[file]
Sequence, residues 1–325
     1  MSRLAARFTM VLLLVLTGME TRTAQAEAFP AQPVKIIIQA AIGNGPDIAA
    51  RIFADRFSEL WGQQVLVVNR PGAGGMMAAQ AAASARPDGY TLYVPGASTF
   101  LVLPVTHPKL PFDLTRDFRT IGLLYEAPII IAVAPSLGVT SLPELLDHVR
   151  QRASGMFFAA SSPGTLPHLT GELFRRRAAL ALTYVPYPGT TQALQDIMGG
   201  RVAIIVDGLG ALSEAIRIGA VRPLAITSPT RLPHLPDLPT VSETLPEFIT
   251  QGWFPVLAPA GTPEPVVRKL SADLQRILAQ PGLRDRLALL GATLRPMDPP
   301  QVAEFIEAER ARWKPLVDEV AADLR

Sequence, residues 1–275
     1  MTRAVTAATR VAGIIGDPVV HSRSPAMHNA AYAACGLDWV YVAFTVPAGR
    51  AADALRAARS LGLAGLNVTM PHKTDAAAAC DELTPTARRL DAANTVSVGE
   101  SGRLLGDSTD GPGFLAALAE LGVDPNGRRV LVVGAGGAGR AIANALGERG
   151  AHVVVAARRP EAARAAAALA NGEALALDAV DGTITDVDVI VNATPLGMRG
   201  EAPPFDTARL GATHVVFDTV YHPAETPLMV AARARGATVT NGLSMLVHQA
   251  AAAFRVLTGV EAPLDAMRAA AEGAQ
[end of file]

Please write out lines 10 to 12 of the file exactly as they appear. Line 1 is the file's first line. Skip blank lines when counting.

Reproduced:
     1  MTRAVTAATR VAGIIGDPVV HSRSPAMHNA AYAACGLDWV YVAFTVPAGR
    51  AADALRAARS LGLAGLNVTM PHKTDAAAAC DELTPTARRL DAANTVSVGE
   101  SGRLLGDSTD GPGFLAALAE LGVDPNGRRV LVVGAGGAGR AIANALGERG